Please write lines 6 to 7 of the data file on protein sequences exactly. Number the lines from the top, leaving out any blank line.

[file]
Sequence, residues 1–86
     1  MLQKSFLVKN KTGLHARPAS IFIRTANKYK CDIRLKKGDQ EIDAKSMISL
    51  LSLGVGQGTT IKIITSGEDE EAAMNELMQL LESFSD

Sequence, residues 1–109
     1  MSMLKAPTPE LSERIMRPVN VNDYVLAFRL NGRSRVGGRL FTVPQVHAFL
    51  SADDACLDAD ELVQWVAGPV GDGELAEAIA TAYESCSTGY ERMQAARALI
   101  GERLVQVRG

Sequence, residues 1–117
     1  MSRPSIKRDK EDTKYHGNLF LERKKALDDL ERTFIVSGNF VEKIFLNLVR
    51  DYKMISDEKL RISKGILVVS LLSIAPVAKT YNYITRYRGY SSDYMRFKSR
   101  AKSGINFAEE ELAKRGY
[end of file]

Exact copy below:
    51  SADDACLDAD ELVQWVAGPV GDGELAEAIA TAYESCSTGY ERMQAARALI
   101  GERLVQVRG